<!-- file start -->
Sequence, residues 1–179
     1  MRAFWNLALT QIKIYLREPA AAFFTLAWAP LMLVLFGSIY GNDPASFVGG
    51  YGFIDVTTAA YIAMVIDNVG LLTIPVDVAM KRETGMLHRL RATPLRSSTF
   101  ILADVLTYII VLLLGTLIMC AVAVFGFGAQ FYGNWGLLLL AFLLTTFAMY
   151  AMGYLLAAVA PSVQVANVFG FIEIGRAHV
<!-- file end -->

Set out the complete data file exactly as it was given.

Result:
Sequence, residues 1–179
     1  MRAFWNLALT QIKIYLREPA AAFFTLAWAP LMLVLFGSIY GNDPASFVGG
    51  YGFIDVTTAA YIAMVIDNVG LLTIPVDVAM KRETGMLHRL RATPLRSSTF
   101  ILADVLTYII VLLLGTLIMC AVAVFGFGAQ FYGNWGLLLL AFLLTTFAMY
   151  AMGYLLAAVA PSVQVANVFG FIEIGRAHV